Death and the Magus

Social Darwinism and the End of Belief in God

The Pax Britannica had produced a long period of comparative peace until aggressive Russian territorial expansionism and land-based Germany’s threatening challenge to maritime Britain’s naval supremacy led to the first great Nationalist war which was fought with similar fanaticism to that of the Thirty Years war between Catholics and Protestants which had fatally weakened belief and trust in sophisticated theological teachings concerning the immortal soul.

 

In the Nineteenth Century the publication of Darwin’s chance-driven mechanistic explanation for the creation and appearance of the natural world had led to the destruction of religious explanations amongst the educated elites. Spiritualism and Eastern religions became popular and the established churches lost their confidence and even their monopoly of tertiary education. New ideologies based on “survival of the fittest” encouraged both fanatical nationalism and reaction into crude biblical fundamentalism stripped of universal reciprocal love.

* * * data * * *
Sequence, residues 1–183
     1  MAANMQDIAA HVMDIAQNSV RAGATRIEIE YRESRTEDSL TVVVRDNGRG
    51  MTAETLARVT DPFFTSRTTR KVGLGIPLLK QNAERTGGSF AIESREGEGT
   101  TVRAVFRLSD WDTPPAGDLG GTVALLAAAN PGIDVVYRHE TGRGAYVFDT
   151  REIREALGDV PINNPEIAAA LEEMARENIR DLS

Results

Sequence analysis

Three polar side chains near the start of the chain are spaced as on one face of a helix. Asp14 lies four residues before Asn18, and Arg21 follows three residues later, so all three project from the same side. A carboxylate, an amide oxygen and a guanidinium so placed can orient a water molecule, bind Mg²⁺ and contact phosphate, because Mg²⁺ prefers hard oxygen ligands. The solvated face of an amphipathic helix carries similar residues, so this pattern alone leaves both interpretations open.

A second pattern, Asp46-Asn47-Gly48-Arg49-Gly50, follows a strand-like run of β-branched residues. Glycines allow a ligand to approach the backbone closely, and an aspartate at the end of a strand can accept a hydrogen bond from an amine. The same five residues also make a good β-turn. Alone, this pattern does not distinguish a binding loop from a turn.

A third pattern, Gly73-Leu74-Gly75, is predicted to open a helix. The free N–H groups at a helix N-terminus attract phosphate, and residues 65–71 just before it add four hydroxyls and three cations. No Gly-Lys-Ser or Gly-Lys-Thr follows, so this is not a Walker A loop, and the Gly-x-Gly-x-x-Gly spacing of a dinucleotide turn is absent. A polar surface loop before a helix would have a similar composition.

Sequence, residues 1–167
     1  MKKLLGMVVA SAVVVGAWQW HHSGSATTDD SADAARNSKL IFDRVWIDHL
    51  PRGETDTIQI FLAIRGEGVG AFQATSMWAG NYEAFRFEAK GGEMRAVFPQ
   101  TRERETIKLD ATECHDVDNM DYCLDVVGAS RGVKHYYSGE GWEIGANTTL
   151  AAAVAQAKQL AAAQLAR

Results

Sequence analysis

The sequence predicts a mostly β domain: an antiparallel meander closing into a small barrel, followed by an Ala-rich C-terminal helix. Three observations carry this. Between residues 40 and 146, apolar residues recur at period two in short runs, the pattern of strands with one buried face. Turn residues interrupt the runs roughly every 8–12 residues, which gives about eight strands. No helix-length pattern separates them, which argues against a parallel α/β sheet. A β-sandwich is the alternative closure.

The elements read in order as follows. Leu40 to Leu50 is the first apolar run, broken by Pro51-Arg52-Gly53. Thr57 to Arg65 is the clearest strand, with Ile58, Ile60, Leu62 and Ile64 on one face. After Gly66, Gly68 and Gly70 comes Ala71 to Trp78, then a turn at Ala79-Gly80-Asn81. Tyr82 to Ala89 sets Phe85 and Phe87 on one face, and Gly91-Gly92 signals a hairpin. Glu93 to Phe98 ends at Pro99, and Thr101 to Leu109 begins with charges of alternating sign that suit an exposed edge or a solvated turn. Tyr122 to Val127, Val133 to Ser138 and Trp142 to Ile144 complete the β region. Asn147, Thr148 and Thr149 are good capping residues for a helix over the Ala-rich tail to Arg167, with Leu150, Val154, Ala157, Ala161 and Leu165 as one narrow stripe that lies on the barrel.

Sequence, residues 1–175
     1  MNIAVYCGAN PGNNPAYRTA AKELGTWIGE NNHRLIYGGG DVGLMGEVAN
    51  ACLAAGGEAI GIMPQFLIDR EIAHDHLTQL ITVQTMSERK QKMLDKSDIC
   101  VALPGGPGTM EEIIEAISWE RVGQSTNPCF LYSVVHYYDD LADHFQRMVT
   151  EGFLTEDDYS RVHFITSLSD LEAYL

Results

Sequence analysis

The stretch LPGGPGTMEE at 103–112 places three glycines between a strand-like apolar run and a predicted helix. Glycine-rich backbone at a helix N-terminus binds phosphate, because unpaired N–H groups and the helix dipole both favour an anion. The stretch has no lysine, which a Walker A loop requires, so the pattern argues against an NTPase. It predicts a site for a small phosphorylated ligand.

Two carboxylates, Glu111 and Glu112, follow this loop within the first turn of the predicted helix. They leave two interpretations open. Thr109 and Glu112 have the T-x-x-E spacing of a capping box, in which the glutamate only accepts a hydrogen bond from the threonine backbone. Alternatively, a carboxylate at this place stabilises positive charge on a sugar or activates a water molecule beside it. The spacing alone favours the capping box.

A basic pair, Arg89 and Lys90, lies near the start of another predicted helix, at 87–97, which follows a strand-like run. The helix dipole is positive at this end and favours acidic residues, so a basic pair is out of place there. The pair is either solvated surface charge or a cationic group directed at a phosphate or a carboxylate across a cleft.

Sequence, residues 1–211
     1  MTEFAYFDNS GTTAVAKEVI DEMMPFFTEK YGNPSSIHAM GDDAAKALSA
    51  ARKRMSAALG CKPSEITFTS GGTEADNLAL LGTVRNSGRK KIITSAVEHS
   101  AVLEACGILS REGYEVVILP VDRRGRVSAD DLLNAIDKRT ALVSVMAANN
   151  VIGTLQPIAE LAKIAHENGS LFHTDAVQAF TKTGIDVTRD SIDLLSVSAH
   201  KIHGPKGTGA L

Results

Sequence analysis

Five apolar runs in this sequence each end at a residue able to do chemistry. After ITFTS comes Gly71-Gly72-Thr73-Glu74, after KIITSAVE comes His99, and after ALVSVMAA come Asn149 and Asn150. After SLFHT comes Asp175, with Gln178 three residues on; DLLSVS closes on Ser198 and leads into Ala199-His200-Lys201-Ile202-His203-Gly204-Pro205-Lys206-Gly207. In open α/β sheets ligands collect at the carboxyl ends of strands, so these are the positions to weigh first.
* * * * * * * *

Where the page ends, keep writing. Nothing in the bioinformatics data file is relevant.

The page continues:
The Treaty of Versailles that followed the Allies victory against Germany was a complete disaster. “The War to End All Wars” had led to “The Peace to End All Peace”. The victors quarrelled over the spoils, turned the Middle East into a tinder box, impoverished the Germans who had come under the control of Prussian militarists, and misled by America’s old fashioned and impractical enlightenment beliefs, started “nation building”. An impotent international assembly was established. This time the destruction of traditional monarchies had gone too far for restoration and most European nations followed rationalist France and America into establishing secular republics.

 

Dictatorships of Spin Doctors

The economic collapse of Germany threw up another Napoleon. This time it was a not a talented military officer but a charismatic Austrian corporal living on the streets who was inspired by the earlier example of Mussolini, a pioneering political spin doctor. As a left wing journalist and political opportunist Mussolini had grasped that military skill was not essential for a coup. Like Luther and the Russian Bolsheviks he realised the best way to establish and maintain an authoritarian regime was to make use of emotionally arousing propaganda in the new mass media of the time. With strict censorship of alternative opinions Rousseau’s General Will could be directed with great precision. Like the Papacy and its Holy Roman Emperor earlier, Mussolini appealed to the fantasy that the people of Italy could inherit the mantle of the invincible Romans, accordingly he named his political creation the Fascist Party.

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